The construction would also violate the “grandfathered” status of the Lincoln Tunnel’s existing ventilation system; require significant investment in replacing the system.
Construction would require the raising of the Westside Highway, which would also likely require shoring and underpinning of a highway that is the only major capacity roadway on the west side of Manhattan. Development would occur on an existing pier, which would require additional in-water construction and extensive permitting actions.
This alternative, at a minimum, requires the approval of the New York Convention Center Operating Corporation (NYCCOC).
Relocate some bus operations to the lower level of the Javits center
Storage and staging as well as intercity bus operations would be provided in the lower level of the existing Javits Center for this alternative.
The alternative assumes commuter buses would continue to use a newly renovated (as opposed to reconstructed) PABT facility; thus there is no opportunity for potential development on the existing PABT site.
The viability of this assumed renovation appears problematic and potentially impracticable due to the inability to achieve or address the following: Meeting Americans with Disabilities Act (ADA) requirements without reducing capacity. Accommodating heavier, taller, and longer buses. Incorporating new building, bus operation and passenger technologies. (eg. wayfinding, signage, ticketing) Providing the adequate amount of passenger queuing space at gates and within the facility. Accommodating more flexible floor plate and a more efficient gate configuration.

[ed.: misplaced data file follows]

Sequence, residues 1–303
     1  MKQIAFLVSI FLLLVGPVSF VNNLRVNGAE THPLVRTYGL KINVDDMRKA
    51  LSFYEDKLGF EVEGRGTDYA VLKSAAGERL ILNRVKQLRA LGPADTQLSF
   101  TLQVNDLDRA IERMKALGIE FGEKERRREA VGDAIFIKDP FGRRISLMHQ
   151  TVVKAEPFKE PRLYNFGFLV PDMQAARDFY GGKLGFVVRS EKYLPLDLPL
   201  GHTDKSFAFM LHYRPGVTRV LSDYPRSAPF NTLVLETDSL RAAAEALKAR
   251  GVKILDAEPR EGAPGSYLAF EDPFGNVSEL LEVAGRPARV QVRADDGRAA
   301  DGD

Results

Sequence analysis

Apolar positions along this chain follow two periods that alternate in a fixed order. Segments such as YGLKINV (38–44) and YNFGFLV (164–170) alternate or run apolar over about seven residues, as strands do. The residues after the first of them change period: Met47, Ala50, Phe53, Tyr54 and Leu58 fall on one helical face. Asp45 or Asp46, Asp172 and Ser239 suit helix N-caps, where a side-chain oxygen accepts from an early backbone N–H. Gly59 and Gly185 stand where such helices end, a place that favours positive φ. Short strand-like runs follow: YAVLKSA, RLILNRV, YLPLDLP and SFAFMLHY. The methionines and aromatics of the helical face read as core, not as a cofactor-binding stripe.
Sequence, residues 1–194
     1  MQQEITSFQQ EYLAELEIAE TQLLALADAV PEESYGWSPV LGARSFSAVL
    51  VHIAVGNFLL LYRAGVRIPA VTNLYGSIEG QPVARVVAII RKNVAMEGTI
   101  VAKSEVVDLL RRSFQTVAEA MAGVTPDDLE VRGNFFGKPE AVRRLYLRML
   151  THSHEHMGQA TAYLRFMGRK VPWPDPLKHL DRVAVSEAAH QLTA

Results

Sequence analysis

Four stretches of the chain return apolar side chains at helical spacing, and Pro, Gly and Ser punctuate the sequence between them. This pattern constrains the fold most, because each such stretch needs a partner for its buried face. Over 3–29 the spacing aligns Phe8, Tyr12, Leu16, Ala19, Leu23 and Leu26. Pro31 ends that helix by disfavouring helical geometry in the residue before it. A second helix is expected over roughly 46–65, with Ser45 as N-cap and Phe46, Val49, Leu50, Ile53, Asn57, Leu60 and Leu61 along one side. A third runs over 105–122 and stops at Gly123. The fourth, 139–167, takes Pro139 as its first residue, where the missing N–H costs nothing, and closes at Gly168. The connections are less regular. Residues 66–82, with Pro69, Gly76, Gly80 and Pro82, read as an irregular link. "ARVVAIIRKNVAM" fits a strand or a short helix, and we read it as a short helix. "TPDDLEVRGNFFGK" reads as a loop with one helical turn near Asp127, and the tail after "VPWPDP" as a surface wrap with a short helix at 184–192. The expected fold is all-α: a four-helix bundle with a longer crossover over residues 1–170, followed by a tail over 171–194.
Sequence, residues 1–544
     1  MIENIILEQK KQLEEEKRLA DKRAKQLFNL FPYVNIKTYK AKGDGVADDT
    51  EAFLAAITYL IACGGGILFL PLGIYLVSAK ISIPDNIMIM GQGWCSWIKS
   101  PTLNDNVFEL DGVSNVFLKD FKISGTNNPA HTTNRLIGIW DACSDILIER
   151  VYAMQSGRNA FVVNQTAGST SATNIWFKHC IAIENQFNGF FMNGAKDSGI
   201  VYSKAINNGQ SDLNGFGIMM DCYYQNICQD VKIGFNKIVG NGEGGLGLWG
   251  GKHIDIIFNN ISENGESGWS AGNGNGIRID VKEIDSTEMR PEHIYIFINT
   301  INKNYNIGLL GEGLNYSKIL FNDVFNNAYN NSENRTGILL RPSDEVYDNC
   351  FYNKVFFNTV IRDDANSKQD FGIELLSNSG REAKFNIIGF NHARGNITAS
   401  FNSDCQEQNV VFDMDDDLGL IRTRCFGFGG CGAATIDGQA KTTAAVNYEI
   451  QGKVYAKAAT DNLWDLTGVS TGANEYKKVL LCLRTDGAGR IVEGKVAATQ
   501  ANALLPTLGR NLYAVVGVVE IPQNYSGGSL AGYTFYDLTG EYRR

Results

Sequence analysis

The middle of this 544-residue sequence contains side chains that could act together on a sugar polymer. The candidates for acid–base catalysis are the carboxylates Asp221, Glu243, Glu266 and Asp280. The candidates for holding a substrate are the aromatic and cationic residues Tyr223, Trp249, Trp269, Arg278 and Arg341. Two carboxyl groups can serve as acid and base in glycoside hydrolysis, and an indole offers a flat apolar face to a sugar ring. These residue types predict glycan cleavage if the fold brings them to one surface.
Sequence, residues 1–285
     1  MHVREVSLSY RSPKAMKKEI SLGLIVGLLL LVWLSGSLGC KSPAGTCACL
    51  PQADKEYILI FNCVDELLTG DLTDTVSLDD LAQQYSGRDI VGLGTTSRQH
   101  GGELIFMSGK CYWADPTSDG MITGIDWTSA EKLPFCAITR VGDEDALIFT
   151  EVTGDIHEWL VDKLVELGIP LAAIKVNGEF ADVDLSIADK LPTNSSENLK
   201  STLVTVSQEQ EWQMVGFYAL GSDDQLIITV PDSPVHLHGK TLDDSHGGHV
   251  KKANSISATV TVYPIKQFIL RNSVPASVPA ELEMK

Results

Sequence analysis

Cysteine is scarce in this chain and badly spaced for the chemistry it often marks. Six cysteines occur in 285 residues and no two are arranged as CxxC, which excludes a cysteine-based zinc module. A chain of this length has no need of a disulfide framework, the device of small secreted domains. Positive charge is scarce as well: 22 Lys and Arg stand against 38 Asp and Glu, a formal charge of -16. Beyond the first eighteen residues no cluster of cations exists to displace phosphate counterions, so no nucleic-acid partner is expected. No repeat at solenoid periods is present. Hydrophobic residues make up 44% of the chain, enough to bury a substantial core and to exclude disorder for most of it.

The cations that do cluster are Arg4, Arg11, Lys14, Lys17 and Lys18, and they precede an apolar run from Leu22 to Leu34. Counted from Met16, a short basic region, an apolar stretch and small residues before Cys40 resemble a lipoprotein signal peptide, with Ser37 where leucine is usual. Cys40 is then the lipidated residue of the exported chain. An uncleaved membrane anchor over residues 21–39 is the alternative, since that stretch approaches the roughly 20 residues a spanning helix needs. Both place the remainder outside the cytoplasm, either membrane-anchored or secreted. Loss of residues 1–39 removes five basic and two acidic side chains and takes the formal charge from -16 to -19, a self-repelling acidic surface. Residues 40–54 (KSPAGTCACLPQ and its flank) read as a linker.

This alternative requires the approval of the New York Convention Center Operating Corporation (NYCCOC), at a minimum.
“We are committed to building the replacement Bus Terminal and to do so in full consultation with the community, with elected officials in both New York and New Jersey, and with all stakeholders,” said Port Authority Executive Director Rick Cotton in a statement in May.
In the Meantime
While the process to build a new bus terminal is continuing, the Port Authority has undertaken an aggressive $110 million Quality of Commute program to enhance the customer experience at the existing facility. The initiatives include new and enhanced retail, new bathrooms, new doors at the terminal’s Eighth Avenue entrance, new lighting and ceiling and improved elevators and escalators. The Port Authority also has partnered with bus operators on operational changes that have reduced crowding within the terminal and relieved congestion caused by buses on nearby streets.
The growth in bus demand to the PABT facility and passenger activity at the bus terminal has been growing rapidly. Regional forecasts from the Metropolitan Planning Organizations (MPO)—New York Metropolitan Transportation Council’s Best Practices Model (NYMTC BPM) and the North Jersey Transportation Planning Authority’s (NJTPA) North Jersey Regional Transportation Model (NJRTM), both from 2013, indicated that passenger activity at the PABT would rise to 337,000 per day (30 percent) by 2040.